New business included beginning to make a budget for the next year, as well as a new system of “clover coins” to encourage members to talk and participate in activities.

The meeting was adjourned with the 4-H motto, “to make the best better.” Refreshments were provided by the Hinojosa family.

Visitors are welcome to come to any Strong Satellites club meeting. The club meets on the third Monday of the month at 7 p.m. in the Clover Room on the east side of Pottorf Hall.

Town and Country Garden Club

The Town and Country Garden Club met at the Sunset Zoo Education Center on Oct. 28.

The program was presented by Scott Shoemaker, director of Sunset Zoo, who talked about the future plans for the zoo, including the gardens. Expedition Asia (three new exhibits) is being planned for sloth bears, tigers, and Amur leopards. All three species are endangered in the wild. The hope is to breed and be able to increase numbers of the species. Holding areas/buildings are to be renovated or built new, so that all the animals will have comfortable places for shelter.

Scott talked about the training of animals to allow health evaluations, hand injections, and other examinations. There are plans for daily demonstrations with the keepers as they are working with the animal collection. It is hoped that Expedition Asia will open in 2022.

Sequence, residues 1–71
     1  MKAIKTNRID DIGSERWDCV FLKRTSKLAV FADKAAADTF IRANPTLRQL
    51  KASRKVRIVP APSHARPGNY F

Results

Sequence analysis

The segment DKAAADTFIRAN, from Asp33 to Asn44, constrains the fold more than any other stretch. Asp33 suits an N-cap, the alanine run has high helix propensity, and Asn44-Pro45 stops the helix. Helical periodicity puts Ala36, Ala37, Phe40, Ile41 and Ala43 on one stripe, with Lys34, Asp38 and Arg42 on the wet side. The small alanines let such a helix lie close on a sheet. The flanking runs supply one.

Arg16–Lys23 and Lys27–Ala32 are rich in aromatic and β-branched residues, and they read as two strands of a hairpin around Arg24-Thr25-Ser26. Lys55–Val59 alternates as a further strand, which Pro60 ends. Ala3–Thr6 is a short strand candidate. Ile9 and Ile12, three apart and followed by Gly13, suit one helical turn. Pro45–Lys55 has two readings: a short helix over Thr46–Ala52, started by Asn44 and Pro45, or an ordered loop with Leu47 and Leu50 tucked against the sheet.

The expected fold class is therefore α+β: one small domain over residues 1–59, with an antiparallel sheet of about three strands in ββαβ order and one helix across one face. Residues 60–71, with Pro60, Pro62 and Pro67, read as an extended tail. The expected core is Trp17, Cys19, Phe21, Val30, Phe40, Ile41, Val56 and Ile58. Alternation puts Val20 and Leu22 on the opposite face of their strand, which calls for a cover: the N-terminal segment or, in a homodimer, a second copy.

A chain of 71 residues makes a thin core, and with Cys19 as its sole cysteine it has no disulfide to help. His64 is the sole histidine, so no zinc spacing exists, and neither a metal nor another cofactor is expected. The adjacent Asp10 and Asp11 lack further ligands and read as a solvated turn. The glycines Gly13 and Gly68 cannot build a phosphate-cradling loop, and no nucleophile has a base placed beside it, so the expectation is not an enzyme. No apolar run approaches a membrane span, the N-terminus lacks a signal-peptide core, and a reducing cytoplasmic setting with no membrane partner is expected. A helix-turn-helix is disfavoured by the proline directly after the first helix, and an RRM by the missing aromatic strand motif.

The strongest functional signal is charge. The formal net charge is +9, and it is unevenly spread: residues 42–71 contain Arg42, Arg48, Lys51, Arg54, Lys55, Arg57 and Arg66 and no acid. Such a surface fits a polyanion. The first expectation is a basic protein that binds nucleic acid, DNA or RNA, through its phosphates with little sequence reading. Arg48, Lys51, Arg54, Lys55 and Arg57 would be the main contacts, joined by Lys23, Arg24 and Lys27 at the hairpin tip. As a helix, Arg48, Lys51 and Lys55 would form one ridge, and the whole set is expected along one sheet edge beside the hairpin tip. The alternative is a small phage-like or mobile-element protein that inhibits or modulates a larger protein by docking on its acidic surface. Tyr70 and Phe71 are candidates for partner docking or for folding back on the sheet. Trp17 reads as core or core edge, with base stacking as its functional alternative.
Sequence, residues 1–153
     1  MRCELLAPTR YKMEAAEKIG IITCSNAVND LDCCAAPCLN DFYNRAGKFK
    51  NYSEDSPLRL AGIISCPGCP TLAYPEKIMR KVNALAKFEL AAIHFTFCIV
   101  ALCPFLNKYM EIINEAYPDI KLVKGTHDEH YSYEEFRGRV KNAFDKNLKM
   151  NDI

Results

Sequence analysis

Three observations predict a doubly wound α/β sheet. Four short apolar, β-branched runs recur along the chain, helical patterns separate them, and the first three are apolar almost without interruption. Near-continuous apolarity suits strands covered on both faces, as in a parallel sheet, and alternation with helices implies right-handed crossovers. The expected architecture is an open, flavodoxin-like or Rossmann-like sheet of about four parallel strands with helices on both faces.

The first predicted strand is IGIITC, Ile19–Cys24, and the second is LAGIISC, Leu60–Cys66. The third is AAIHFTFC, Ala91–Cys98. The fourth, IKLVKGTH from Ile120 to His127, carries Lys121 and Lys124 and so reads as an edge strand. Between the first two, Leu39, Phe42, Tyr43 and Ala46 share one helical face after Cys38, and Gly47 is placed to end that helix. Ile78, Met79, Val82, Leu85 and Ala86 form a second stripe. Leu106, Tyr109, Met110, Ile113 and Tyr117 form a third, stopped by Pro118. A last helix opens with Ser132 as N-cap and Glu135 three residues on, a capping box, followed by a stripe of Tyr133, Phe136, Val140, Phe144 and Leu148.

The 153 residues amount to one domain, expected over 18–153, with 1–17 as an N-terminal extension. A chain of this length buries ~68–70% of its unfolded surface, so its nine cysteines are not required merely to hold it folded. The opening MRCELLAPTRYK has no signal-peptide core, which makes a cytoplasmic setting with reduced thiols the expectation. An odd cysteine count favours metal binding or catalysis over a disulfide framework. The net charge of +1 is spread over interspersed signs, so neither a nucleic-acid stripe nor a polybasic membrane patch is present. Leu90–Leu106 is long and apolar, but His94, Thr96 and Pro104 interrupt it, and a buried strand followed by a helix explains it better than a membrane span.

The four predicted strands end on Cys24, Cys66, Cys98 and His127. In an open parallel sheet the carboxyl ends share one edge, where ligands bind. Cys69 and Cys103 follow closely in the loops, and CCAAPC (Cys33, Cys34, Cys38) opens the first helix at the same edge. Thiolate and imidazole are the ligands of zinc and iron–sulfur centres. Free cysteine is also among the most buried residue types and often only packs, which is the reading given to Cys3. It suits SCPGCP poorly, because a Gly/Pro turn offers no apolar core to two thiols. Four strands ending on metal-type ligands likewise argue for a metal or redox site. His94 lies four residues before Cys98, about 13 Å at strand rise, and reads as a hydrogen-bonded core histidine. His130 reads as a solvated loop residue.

Scott thanked the club members for their work to create and maintain the garden at the zoo. The city commission will be approached with approving a small increase in admission soon. Admission has remained the same for the last 10 years.

President Laura Hall called the meeting to order at 8 p.m. Cindy Casper and Karen Dunn provided refreshments. Roll was called. A guest, David Sachs, was introduced.

Treasurer’s report referred to the financial report distributed by email. Karen Dunn introduced the 2020 budget, noting that almost everything is the same as 2019. The group has accumulated funds that can be used, and suggestions for a special project or worthy cause are welcomed. Val moved to approve the budget, Debbie seconded. Motion passed.

KSU gardens has a new blue heron sculpture in the bog area. Poinsettias sale is Nov. 22 from noon to 5:30 p.m., Dec. 4, 3 to 5:30 p.m. and Dec 6, 11:30 a.m. to 2 p.m.

Historical Museum’s day lilies are asleep. The pots are inside for the winter. Last year the pots were planted with pollinators and attracted many butterflies. The same plants will be used next year, with the addition of hummingbird attractants. Tree trimming is to be completed.

Laura noted that one more day will be needed to clean up and dig cannas at the zoo garden.

The next meeting is Dec. 2 at Val Converse’s home, and the program is the Christmas gift exchange.The meeting was adjourned at 8:28 p.m.